Look at a slow motion video or a swing sequence of any top player and make note of their head position at the top of the backswing. By the time they get into the delivery position, it will have lowered as the body concertinas slightly into a more squatted position. We'll look at why this happens, and how these players use this move to create force at impact.
The arms - work the club into a deeper position
Good golfers deliver the club from what we might call a ‘deep’ position – that’s to say the club is well inside the ball-target line. Whatever shape they create at the top, as you watch their first moves down you see how the arms work to get the club into this deeper and shallower position – a line through the lead arm at the delivery position would point right of target for the right-hander. Later, you’ll see how this promotes a stronger and more reliable release of the club.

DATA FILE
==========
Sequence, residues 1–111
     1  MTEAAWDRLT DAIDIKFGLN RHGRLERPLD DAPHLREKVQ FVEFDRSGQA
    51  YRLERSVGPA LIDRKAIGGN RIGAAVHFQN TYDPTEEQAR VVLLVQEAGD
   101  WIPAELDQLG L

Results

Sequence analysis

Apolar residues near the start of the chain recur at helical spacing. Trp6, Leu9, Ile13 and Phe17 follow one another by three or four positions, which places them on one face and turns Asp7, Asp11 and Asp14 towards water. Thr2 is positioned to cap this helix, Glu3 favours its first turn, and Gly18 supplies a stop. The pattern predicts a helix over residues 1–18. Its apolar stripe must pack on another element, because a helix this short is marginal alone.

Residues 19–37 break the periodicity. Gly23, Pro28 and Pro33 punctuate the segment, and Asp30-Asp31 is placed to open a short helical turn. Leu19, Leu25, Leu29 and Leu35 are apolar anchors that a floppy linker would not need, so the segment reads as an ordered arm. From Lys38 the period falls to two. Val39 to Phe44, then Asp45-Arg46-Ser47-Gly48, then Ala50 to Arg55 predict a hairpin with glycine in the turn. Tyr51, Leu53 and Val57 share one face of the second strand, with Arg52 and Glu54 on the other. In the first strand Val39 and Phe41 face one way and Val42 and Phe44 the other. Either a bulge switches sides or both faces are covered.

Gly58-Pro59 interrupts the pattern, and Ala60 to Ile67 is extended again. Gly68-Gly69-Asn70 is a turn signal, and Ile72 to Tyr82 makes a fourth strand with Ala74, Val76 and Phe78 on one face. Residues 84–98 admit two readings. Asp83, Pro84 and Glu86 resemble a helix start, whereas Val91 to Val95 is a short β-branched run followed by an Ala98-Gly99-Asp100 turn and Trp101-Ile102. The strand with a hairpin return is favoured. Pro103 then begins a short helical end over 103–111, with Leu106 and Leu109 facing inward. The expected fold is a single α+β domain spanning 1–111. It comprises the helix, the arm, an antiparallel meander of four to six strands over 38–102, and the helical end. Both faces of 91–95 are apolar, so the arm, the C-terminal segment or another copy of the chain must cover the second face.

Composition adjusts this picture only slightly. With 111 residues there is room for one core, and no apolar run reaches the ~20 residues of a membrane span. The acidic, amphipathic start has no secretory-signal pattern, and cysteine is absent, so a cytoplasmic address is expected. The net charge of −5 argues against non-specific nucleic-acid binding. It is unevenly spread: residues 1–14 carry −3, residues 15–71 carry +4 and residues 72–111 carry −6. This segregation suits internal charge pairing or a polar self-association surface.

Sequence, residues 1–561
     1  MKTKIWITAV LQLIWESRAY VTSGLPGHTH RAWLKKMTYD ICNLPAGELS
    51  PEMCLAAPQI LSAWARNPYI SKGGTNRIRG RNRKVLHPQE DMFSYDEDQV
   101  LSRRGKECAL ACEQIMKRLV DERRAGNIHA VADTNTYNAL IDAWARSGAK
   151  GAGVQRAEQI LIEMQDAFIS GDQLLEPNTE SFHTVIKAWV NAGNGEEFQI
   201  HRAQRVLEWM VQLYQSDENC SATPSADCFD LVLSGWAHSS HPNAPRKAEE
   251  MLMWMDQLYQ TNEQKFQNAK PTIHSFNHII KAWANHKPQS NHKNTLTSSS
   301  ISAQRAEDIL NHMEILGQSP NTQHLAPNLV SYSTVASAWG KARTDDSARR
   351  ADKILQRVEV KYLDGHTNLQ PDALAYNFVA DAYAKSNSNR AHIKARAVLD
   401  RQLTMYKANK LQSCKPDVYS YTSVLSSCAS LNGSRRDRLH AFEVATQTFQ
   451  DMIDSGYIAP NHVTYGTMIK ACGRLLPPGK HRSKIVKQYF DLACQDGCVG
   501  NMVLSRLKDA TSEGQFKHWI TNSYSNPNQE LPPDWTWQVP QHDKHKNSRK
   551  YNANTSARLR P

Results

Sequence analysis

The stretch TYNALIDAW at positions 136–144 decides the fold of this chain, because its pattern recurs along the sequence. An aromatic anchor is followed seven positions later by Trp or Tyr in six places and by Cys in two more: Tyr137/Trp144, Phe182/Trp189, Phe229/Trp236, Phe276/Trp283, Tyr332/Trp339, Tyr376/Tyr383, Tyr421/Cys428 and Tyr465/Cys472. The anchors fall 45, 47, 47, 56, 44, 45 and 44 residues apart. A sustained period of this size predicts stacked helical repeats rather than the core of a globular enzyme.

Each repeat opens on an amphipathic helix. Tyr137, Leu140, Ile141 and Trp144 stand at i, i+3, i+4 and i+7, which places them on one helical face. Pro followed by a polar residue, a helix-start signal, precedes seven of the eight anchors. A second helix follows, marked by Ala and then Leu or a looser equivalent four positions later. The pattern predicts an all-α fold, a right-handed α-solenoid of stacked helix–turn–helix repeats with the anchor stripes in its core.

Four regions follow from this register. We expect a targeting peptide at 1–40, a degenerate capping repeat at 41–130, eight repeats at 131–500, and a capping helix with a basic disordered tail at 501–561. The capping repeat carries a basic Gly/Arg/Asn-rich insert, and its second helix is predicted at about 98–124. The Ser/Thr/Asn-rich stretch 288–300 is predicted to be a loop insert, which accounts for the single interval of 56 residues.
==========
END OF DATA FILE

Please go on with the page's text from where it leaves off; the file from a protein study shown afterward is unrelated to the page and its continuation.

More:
The club - shaft shallows
The third element of delivery is a shaft angle that shallows from the top. This is in direct contrast to the club golfer, whose shaft typically steepens (becoming more upright) as the downswing unwinds. We’ll take a look at why the shaft angle shallows out, how it works in tandem with how an elite player releases the club, and how you can work it into your action.
The body - how the body should work in the golf swing
The main reason good golfers increase flex in their downswing is power. A lower delivery position allows them to rise and rotate through impact; as they pull the club handle upwards, the head reacts by whipping downwards, powerfully into the ball. Here’s how to train the move.
1. Set the gap